When I was nine years old, while watching a Billy Graham crusade on television, I had a “born again” experience. I don’t remember whose house I was at, but it was on Oak Street, between Winding Way and Dickinson Street, across the street and half a block from my church in Binghamton, NY.
It was a specific theology that wasn’t so different, I suppose, from what I learned from Trinity AME Zion, but it resonated so much that, somehow, I got recruited by the secretary at my school, Pat, for Friday Night Bible Club. My sister Leslie soon went as well, and we attended for several years.
I’m fairly sure it was Pat who gave me a copy of Peace with God, Graham’s 1952 classic book about salvation. This codified my budding theology so that I thought, as did others, that I would grow up to be a preacher.
I could quote Scripture pretty darn well in those days. Psalm 119:11 – “Thy word have I hid in my heart that I might might not sin against Thee.” Didn’t have to look it up, even after all these years.
By 9th grade, I started carrying around my Bible to school. By 10th grade, my friend Bobby and I would walk two miles to the Primitive Methodist Church in Johnson City every Sunday afternoon for more fundamentalist training, and then usually walk back.
I really became “holier than thou.” Even when some of my friends drank and smoked pot, in my presence, I remained resolute. Until I wasn’t.
When I understood that all those people in India and China who never accepted Jesus Christ as their personal Savior, who perhaps never really even heard of him, were supposedly going to go to a literally fiery pit called Hell – which is why why we “needed” so many missionaries – I simply couldn’t accept that.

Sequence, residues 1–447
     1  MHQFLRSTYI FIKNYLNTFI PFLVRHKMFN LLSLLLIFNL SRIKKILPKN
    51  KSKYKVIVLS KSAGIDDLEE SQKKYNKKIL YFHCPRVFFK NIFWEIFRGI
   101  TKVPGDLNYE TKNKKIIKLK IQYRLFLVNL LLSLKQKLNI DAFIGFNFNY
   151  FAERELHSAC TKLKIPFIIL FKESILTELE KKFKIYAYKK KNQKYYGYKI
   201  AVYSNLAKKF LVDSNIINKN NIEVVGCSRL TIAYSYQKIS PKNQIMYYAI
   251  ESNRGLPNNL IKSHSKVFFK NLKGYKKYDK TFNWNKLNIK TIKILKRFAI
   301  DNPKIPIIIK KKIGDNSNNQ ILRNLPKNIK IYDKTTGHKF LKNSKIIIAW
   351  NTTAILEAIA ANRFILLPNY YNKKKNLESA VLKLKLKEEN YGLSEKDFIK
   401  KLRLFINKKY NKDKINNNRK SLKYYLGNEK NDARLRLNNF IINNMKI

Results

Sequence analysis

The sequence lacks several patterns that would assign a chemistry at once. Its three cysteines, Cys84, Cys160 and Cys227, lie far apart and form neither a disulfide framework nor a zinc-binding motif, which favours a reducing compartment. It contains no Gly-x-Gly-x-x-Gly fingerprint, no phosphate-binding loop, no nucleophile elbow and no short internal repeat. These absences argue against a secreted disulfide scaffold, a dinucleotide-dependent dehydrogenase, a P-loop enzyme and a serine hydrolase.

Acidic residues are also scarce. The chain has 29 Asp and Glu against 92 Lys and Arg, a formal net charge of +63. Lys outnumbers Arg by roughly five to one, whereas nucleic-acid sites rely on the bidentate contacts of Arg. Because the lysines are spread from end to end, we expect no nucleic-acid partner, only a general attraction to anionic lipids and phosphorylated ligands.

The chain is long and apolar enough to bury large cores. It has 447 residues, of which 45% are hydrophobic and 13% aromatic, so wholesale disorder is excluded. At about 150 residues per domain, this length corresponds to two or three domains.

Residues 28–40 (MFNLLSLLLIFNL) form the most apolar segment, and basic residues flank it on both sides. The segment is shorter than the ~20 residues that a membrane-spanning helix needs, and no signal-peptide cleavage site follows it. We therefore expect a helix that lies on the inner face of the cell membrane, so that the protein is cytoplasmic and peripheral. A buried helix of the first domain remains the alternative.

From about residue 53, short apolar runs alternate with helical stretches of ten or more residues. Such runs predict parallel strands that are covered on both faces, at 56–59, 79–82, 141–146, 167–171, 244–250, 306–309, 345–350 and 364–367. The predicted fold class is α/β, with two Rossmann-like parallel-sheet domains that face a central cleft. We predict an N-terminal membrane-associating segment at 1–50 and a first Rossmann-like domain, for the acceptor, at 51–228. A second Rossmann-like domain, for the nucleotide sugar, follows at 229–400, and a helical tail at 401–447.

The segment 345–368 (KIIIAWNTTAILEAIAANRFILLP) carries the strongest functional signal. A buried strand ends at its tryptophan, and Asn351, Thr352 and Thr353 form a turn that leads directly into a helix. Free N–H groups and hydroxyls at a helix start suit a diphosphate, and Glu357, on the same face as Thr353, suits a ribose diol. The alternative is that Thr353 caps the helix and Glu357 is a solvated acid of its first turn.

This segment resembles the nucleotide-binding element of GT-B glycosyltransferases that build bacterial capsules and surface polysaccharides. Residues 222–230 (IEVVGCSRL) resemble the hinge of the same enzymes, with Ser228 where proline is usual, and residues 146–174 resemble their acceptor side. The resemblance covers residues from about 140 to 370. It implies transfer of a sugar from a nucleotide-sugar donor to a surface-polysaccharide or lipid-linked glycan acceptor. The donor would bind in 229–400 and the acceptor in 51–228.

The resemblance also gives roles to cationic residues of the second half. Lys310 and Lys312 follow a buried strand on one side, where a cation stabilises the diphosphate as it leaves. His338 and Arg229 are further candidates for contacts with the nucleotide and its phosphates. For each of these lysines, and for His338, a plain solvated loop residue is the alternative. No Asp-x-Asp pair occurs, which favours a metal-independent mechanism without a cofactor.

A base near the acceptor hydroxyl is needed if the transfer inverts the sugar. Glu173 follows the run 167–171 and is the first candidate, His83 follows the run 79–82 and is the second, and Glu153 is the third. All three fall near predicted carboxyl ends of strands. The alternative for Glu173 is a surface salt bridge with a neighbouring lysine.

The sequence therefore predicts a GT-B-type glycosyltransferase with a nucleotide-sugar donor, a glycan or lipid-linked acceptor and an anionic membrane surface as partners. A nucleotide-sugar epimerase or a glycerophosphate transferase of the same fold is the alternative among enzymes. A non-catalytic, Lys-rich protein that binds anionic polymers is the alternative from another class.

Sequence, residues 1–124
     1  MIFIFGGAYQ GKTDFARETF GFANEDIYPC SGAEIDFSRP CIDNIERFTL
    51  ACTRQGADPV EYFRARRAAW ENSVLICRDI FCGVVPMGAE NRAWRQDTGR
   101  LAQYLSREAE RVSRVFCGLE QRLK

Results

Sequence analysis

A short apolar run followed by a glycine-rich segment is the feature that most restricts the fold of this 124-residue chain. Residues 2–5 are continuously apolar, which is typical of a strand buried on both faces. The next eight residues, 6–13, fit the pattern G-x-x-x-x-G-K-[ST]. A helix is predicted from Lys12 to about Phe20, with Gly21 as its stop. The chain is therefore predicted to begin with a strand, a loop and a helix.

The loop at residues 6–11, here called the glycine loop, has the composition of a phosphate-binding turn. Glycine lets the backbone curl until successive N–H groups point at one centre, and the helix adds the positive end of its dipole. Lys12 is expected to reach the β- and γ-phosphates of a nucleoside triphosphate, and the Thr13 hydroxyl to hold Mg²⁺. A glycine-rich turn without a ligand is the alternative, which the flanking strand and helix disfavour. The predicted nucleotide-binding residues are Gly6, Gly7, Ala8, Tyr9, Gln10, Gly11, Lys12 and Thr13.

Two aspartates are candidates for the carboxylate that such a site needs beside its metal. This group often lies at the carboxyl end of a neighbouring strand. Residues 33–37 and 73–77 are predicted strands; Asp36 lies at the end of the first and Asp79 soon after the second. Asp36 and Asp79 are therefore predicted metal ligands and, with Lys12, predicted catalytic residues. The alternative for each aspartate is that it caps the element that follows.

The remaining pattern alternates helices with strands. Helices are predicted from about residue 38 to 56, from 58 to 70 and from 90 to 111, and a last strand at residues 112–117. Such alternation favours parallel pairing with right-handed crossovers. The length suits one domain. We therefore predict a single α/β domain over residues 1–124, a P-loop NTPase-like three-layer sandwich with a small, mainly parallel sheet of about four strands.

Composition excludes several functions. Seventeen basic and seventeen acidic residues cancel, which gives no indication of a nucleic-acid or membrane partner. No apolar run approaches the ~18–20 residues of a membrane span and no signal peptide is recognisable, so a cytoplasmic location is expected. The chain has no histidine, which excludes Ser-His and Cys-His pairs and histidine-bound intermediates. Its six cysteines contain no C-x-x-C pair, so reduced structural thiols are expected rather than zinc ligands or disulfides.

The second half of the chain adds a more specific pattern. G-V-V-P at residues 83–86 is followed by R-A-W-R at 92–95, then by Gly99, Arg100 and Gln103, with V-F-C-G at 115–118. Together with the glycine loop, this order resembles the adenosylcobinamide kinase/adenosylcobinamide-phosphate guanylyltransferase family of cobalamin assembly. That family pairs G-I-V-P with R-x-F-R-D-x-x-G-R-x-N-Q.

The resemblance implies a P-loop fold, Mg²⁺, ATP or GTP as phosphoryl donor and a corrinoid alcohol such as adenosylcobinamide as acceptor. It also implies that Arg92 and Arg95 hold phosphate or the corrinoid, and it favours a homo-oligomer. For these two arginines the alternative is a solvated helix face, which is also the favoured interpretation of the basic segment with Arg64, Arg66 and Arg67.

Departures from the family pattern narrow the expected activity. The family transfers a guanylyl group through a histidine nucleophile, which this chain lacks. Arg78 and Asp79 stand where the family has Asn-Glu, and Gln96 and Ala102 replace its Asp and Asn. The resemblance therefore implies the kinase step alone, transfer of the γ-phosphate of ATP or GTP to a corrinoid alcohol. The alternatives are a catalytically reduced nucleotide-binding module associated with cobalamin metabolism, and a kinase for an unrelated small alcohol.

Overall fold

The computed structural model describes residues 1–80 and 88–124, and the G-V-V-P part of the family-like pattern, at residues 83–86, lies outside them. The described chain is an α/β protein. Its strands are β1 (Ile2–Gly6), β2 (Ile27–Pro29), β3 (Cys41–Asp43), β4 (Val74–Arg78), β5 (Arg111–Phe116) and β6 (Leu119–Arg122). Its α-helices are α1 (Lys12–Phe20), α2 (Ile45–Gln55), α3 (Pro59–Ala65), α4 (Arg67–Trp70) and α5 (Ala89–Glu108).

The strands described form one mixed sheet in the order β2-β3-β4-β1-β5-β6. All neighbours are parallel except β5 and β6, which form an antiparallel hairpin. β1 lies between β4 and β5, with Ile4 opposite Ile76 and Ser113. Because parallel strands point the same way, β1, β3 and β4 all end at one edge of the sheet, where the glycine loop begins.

Fairly soon thereafter, I fell away from this belief system, which I had initially learned from Billy Graham, and it took a long time to find my way back to a theology that made sense to me.
I started re-examining the preacher. His close ties with Presidents, when I had been younger, I saw as a good thing in spreading the Word.
His friendship with Richard Nixon, in particular, became problematic for me, as I believed even by my freshman year in college that Graham was co-opted by the power elite, rather than speaking truth to that power.
To his credit, Graham eventually came to that same conclusion himself. He actively discouraged Jerry Falwell, a founder of the Moral Majority, from mixing religion and politics.
“Evangelicals can’t be closely identified with any particular party or person. We have to stand in the middle, to preach to all the people, right and left,” Graham said in 1981, according to Time magazine. “I haven’t been faithful to my own advice in the past. I will in the future.”
I have a soft spot in my heart for Billy Graham, despite his significant shortcomings, as accurately laid out by Arthur. Not so for his dreadful son Franklin, whose appearance in Albany in 2016 I protested.